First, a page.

Additionally, the pump fits nicely into a water bottle cage. I mounted a water bottle cage to my 2001 Lemond Buenos Aires, as shown here.
I’ve had the horn for about 150 miles of bike commuting, now. The horn provides gratification by communicating to drivers that I can honk louder than they can, on average. The drivers, for the most part, are confused. I look forward to future social experiments, including a zip tie to hold the horn in “honking position,” honking back at semi-truck drivers :-), and my new road rage outlet, in general.
This is a guest post from that budding, pretentious Eastern religious scholar in me. . or in all of us??
- making coffee in a French Press.
- having roommates.
- avoiding anger.
What recipe do you get when you combine the aforementioned ingredients? A new food processor!
I have had three French Presses, all made from glass, during my time on this earth. I have kept each French Press on top of the fridge. Three different roommates have broken my French Presses. Each time, I acknowledge that the failure is bound to happen with the French Press stored at such a place. I think during each failure the French Press is left hanging on top of the freezer door. So, just enough of the door catches the bottom on the French Press, and the press plummets to its death, impact with the floor.
After the third death, we had a raffle at work. The winning prize was a coveted Black and Decker Power Pro II Food Processor. I just knew it was my time. I told everyone I was going to win the food processor. I was due. I was calling my shot, just like Babe Ruth.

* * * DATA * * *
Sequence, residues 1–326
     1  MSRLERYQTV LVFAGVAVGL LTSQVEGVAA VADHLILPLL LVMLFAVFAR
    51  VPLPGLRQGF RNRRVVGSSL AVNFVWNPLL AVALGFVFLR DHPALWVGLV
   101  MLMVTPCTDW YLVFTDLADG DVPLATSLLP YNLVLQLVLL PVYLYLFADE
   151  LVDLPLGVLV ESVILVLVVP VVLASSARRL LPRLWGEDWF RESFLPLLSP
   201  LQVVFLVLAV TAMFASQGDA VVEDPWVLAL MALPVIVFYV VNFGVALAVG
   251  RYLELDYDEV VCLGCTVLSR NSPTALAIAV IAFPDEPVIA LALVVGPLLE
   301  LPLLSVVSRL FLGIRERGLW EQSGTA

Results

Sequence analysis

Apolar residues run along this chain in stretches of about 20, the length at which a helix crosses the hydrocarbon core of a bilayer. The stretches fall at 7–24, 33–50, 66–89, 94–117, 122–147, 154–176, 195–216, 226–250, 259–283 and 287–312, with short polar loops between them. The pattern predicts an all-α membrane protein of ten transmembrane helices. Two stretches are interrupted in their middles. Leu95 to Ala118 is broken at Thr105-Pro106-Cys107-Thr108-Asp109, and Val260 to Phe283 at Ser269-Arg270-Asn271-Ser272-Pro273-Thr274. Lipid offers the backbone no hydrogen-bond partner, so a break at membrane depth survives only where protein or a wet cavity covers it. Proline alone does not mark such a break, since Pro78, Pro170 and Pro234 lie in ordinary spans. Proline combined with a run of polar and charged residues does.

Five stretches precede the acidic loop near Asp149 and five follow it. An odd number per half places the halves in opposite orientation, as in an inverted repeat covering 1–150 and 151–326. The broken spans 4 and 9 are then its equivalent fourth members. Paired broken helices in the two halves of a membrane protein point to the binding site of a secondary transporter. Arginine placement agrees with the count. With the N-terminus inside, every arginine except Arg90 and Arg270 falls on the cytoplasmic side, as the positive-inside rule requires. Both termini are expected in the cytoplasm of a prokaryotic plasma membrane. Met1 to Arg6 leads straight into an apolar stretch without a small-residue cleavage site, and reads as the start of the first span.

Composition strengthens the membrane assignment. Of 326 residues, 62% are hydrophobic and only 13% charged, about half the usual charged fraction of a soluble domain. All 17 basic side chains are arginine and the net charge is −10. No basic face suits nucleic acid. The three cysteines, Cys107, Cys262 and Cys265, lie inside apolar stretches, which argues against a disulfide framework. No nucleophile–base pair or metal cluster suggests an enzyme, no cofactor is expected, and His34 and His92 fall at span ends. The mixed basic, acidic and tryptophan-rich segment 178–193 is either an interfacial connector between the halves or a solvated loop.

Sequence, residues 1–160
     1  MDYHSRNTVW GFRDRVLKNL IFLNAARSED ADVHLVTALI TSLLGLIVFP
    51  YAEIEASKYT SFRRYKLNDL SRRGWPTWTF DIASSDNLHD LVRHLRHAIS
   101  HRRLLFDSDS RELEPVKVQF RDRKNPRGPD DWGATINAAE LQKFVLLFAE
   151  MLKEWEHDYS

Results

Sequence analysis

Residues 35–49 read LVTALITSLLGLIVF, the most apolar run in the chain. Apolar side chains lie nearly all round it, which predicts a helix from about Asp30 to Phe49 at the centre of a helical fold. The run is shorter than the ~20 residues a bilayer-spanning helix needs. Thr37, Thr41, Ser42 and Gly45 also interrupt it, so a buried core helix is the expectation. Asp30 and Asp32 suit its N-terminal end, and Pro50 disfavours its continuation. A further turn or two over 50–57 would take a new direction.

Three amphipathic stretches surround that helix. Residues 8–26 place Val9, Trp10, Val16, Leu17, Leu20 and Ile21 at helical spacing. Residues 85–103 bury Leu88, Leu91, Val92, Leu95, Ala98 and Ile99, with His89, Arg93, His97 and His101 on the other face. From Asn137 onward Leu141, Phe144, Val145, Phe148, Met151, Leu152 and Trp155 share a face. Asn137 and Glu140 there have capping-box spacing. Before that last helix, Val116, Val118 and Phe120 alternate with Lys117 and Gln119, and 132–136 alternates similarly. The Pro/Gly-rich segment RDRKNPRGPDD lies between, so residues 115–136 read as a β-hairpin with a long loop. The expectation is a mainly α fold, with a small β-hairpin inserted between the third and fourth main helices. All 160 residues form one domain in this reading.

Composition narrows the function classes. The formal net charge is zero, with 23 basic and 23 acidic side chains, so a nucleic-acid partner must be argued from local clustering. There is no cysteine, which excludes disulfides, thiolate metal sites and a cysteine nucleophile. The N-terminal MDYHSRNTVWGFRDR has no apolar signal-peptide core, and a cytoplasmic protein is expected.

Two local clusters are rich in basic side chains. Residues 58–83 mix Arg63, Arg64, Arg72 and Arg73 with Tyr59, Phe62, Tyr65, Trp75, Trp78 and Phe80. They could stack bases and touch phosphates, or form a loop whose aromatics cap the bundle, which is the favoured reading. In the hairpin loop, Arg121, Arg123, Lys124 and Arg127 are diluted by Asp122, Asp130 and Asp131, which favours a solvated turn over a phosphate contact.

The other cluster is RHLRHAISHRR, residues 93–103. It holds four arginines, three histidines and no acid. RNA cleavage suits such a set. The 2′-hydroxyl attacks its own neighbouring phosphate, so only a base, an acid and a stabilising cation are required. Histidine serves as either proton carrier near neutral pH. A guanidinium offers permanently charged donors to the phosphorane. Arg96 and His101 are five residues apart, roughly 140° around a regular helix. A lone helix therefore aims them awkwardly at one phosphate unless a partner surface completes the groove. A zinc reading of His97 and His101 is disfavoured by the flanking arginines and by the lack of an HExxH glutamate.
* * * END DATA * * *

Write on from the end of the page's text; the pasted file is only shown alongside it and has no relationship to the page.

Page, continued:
I realize this is risky to mess with higher powers. However, sometimes you have to follow your intution.
Here is a picture of me, 24 hours after calling my shot.
I BABE RUTH’D KARMA!
I predict that this event will be in my 2009 Top 3.
At the beginning of March, I realized the string of March holidays in 2009 would have an additional to pre-game the celebration.
My upcoming running A-Level race is the Old Goats (OG) Ultramarathon. I signed up for the SJT 50K on Pi Day to help train for the OG. I jokingly said that I was going to go for a 7hr 29min finish time, so I could finish at 3/14 1:59pm, i.e. pi is aproximately 3.14159. My goal for the SJT 50K was to cruise, to have fun, to check out the Candy Store Loop (a section of trail), to be in great company, and to enjoy quite possibly the most entertaining race directior, Baz.
The race start was actually 7am, not 6:30am, like I thought. My time for an Absolute Record, as opposed to a PR, shifted from 7hr 29min to 6hr 59min for a 3/14 1:59pm finish, which is actually closer to my real PR, 7hr 11min. My absolute record and personal record could jive that day!
I still didn’t really think anything of it. I just ran, munched on some food (including Pop-Tarts), talked to some people, saw some great views, etc. I was just going for miles, so I didn’t even have my Garmin set to read out a pace or the actual time. I just had mileage on my read out.
Nearing the finish, I checked to see what time it was. . I did have a barbeque later that day to attend. No way! It was 1:24pm, and I had 4.5 miles to go! Some days you have to take the cruise control off. It was on.
I can’t believe it; he’s inspired by math!
Fellow SCTHz, E-Rod, said the quote above after I reminded of him my 1:59pm goal. . . I told him, “I think I can do it!” After getting to the last aid station, I told Keira, who of course was excited. She told me, “You are going to do it!” You kind of have to know Keira’s personality, but her positive spirit is so easily catched by all around her.
Off I went; I didn’t look back. Unfortunately, I went too fast. I just couldn’t bear to stop and wait three minutes. I sucked it up, and I finished at 1:56pm, with an absolute record finish time, 3/14 1:50 ish, 3.1415.
Leaving 2 or 3 more decimals on the plate, for some continuous improvement goals. It’s what we do.
Thanks to jeff smith, my co-pilot that day, who influenced me to record this amazing event.